Indeed, local suppliers of SGR hired by the project’s contractors, China Road and Bridge Corporation (CRBC), have started to cash in. They include manufacturers of cement and steel, sand harvesters and suppliers of explosives. One such happy supplier is Nitro Chemicals. The firm was contracted in mid-2014 to supply explosives for all phases of the project. Pratik Sanghrajka is a senior manager at Nitro Chemicals, and although he would not say the exact amount his company has made from the project, he admits that it is the best deal they have ever clinched. In fact, it is worth more than double the amount of business the firm has had to date, he said.

New hires

As a result, the company, which also supplies blasting materials to virtually all major cement manufacturers in the country, has had to double its imports of materials. This has required the outsourcing of more trucks for transport, hiring of more personnel, and, due to the sensitivity of the products, hiring of more police officers to escort the explosives to SGR sites. “Before, we only needed two officers for a simple delivery from Mombasa to Nairobi,” said Mr Pratik.

The railway project is also compelling local suppliers to re-align their business practices to those of the Chinese, which so far appears to be a good thing. Daniel Muriithi Migwi, the founder of construction firm Techno Aid, said he has had to learn to keep up with the working rate and ethic of the Chinese. Mr Migwi’s company was sub-contracted by CRBC to carry out stone pitching, that is, providing a hard-wearing surface for steep paths, as well as doing drainages. He admits the margins are not very good, but the huge volume of work makes up for this. “There is a lot of work, and you have to work very fast like the Chinese, otherwise you will delay the project. Your presence at the site is also very critical,” he said, adding that some sub-contractors have quit along the way as the work load was just too demanding for them. In a recent interview with Business Beat, Bamburi Cement Country Manager Bruno Pescheux said his firm had to change its standards to clinch the deal to supply SGR with cement. “[CRBC] wanted products that would comply with Chinese standards. Bamburi also has its standards. We were, therefore, forced to change our standards. We did not want to lose the market to imports, so we adopted their standards,” he said.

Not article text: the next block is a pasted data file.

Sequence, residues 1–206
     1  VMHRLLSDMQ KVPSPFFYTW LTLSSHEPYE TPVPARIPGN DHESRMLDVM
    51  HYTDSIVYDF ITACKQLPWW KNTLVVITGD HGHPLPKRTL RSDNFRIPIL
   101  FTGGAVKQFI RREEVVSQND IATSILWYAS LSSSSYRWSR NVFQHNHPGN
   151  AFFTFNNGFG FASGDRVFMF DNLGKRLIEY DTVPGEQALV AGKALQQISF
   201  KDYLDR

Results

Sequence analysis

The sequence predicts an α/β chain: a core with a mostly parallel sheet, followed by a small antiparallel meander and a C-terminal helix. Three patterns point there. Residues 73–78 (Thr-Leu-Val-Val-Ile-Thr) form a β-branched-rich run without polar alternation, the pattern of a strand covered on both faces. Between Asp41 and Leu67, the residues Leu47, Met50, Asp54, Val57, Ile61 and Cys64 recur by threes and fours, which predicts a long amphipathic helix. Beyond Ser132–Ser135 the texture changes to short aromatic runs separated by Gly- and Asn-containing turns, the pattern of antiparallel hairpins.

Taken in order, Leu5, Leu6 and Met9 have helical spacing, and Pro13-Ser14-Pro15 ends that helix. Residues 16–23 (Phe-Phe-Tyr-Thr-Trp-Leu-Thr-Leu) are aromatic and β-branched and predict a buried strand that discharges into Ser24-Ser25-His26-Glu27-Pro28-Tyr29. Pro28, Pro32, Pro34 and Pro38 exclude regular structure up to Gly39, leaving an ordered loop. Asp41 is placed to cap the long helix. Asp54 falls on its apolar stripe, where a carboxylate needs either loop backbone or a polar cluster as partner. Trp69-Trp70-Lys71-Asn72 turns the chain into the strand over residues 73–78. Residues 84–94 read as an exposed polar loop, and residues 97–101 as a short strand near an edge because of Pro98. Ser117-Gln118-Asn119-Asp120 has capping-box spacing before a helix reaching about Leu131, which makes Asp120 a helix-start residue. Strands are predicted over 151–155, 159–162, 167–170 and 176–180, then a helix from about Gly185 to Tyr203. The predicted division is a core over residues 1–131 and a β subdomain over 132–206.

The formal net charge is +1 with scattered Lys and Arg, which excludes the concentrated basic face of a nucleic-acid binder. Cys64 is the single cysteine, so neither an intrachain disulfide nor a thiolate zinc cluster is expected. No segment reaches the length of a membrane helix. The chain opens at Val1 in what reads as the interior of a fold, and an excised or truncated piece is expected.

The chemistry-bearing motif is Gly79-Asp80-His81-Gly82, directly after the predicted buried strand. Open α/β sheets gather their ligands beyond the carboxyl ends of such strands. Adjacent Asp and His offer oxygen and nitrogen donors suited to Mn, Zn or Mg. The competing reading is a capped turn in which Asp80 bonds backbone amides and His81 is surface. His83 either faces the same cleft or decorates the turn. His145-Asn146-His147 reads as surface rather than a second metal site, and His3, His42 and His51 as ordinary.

Steel Makers, one of the largest steel suppliers in the country and a major player in several high-profile infrastructure projects, is among five companies contracted to supply SGR with the structural alloy. Bobby Johnson, a director at Steel Makers, said he is happy with the fact that other local steel companies have got an opportunity to participate in the project. “A project of this magnitude cannot rely on one supplier,” he said, adding that multiple suppliers assure a contractor that there will be no disruptions in supply. For Steel Makers, the contract may not have changed operations in a significant fashion, but it has added another enviable feather to its cap. Mr Johnson added that Kenyan firms are not supplying all the steel for the project. For instance, steel rails are not produced locally. Local firms are, however, supplying steel for bridges and civil works such as culverts. Further, the sleepers — rectangular support for the rails — for the SGR, unlike in the current gauge line, are made of concrete, reducing the amount of steel needed.